Cycling: Armstrong 'grateful' as drugs case is dropped


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The Independent Online

What could be the last major investigation into suggestions that Lance Armstrong, modern cycling's most successful racer, used performance-enhancing drugs during his career has been dropped.

A tersely worded three-sentence statement released on Friday by US federal prosecutors confirmed that nearly two years worth of evidence garnered across two continents, including subpoenas and grand jury testimonies of former team-mates, had been shelved.

Armstrong, who retired for good early in 2011 following a comeback, has consistently denied any involvement in doping. However, claims by high-profile team-mates such as Floyd Landis and Tyler Hamilton that the seven-times Tour de France winner took drugs, kept the case in the public eye and cast a shadow over Armstrong's reputation.

No reason was given as to why the investigation into the Texan, spearheaded by Jeff Novitzky, an investigator with a formidable track record in doping cases, ended so abruptly and on such a low-key note.

There has been speculation that matters were complicated legally by the fact that the investigation's main thrust was not into doping per se, but rather to determine if Armstrong and others in his US Postal team had infringed federal laws against fraud, racketeering or criminal conspiracy.

Within that investigation, the federal agents looked at whether a doping programme had taken place, or whether Armstrong had facilitated or encouraged doping during his reign as Tour de France champion for a team who received government money.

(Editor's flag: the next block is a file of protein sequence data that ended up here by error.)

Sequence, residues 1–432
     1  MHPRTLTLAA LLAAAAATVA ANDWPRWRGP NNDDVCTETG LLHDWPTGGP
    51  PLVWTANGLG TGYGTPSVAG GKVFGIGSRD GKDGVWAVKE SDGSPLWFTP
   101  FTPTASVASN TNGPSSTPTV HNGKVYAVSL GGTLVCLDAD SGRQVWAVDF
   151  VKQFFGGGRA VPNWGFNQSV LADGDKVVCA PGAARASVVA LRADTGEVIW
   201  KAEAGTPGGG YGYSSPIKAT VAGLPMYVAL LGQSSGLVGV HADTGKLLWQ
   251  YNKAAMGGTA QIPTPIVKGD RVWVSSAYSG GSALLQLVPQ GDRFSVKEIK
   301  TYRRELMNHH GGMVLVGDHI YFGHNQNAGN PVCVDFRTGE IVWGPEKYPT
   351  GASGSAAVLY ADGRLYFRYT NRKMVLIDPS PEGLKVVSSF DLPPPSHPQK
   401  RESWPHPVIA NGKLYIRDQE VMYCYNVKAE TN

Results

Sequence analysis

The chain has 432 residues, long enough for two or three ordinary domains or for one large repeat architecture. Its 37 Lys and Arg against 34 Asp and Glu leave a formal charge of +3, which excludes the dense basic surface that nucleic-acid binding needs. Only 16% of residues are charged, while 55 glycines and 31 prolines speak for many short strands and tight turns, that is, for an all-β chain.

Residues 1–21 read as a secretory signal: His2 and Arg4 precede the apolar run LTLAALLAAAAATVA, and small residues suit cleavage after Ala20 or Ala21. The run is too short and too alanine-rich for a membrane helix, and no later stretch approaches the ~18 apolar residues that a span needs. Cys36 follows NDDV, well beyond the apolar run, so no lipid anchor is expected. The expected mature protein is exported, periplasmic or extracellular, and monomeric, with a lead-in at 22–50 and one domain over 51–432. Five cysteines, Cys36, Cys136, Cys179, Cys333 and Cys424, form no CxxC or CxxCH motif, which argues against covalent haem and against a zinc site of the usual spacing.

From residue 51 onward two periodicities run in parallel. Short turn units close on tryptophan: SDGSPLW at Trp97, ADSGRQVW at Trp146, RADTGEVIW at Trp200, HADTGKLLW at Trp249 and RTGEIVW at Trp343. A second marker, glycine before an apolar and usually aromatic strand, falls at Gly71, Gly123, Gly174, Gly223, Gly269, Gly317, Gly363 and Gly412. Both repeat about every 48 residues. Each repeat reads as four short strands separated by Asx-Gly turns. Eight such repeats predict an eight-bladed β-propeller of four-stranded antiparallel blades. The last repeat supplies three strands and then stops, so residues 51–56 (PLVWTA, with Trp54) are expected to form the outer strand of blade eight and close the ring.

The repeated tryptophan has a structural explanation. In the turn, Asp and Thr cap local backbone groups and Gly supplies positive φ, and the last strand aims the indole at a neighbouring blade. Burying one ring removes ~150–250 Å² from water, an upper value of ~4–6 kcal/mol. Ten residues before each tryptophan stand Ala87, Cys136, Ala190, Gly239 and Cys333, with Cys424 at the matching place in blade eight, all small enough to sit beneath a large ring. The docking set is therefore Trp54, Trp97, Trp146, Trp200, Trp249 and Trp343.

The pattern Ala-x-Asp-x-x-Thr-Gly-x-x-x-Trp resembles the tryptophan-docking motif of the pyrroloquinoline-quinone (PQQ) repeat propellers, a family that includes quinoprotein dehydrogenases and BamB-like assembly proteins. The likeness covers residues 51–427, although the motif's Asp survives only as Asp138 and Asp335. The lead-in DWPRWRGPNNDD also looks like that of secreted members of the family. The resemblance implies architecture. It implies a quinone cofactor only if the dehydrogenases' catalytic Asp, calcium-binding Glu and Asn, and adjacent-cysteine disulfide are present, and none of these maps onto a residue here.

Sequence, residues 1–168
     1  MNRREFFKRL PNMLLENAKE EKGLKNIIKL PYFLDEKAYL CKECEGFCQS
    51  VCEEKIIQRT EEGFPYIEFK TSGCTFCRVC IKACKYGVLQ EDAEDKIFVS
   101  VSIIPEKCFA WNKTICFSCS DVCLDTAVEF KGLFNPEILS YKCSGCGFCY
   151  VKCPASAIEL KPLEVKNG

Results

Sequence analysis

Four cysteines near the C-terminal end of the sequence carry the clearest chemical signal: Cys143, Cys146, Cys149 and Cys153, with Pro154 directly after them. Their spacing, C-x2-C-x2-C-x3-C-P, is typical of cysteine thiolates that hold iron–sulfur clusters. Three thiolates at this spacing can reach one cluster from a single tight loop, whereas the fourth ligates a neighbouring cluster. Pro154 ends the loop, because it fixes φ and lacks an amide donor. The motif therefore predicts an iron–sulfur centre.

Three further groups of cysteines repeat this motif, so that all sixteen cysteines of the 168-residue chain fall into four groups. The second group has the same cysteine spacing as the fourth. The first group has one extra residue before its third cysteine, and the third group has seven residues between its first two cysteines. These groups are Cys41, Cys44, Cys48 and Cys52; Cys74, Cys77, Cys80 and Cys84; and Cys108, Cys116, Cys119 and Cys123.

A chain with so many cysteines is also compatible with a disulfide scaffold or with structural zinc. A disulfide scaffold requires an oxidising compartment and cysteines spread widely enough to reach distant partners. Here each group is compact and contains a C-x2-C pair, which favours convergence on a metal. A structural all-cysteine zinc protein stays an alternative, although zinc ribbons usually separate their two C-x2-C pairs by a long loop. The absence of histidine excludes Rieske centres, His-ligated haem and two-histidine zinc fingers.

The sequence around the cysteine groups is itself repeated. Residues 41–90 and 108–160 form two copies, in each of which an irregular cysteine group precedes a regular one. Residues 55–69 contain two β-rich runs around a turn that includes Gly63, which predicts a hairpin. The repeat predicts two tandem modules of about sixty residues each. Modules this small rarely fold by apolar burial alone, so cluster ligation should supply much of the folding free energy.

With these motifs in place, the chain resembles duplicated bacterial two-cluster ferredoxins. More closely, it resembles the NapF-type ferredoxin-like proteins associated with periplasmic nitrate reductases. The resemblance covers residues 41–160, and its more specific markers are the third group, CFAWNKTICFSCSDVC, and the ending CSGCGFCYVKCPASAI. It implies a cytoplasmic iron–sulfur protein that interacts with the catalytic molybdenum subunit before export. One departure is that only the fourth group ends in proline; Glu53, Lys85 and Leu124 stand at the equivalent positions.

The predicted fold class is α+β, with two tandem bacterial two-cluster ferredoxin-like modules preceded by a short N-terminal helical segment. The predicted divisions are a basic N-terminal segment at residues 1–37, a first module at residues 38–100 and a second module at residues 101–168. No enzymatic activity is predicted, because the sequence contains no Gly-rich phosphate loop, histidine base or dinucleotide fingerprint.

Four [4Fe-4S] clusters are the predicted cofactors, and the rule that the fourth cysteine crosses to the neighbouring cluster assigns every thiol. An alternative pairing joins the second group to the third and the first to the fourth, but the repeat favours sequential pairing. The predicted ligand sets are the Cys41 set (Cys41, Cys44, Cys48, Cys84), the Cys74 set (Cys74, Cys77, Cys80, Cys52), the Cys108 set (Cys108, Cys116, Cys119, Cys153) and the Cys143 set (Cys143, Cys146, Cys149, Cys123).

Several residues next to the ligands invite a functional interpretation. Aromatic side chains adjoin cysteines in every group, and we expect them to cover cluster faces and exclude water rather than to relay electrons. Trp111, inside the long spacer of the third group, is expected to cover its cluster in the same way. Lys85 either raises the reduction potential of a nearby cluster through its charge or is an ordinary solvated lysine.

"I am gratified to learn that the US Attorney's Office is closing its investigation," Armstrong said in a statement. "It is the right decision and I commend them for reaching it."

Others were not so impressed. Betsy Andreu, whose husband Frankie – a former-team-mate of the Texan's – accused Armstrong of doping, said "the legal system has failed us".

Others in the world of cycling said that regardless of their own opinion, they were glad that a verdict had been reached and the sport could move on. "I don't know anything more than what I've read in the newspapers, [but] it's really good that they've come to a decision, it's not going to keep dragging on, and everybody's [not] going to be kind of waiting on this one," said Michael Barry, a British-born pro and former team-mate of Armstrong earlier in his career.

The US Anti-Doping Agency were quoted on Friday as saying they would not be dissuaded by the closure of the Armstrong investigation. "Unlike the US Attorney, USADA's job is to protect clean sport rather than enforce specific criminal laws," said their spokesman Travis Tygart.

"Our investigation into doping is continuing and we look forward to obtaining the information developed during the federal investigation."

The world champion Mark Cavendish has fallen ill during the build-up to the Tour of Qatar, which starts today, but his Sky team say they still expect he will be able to take part. "He got some flu symptoms during the flight out here," said road coach Rod Ellingworth. "With some rest hopefully it'll clear up."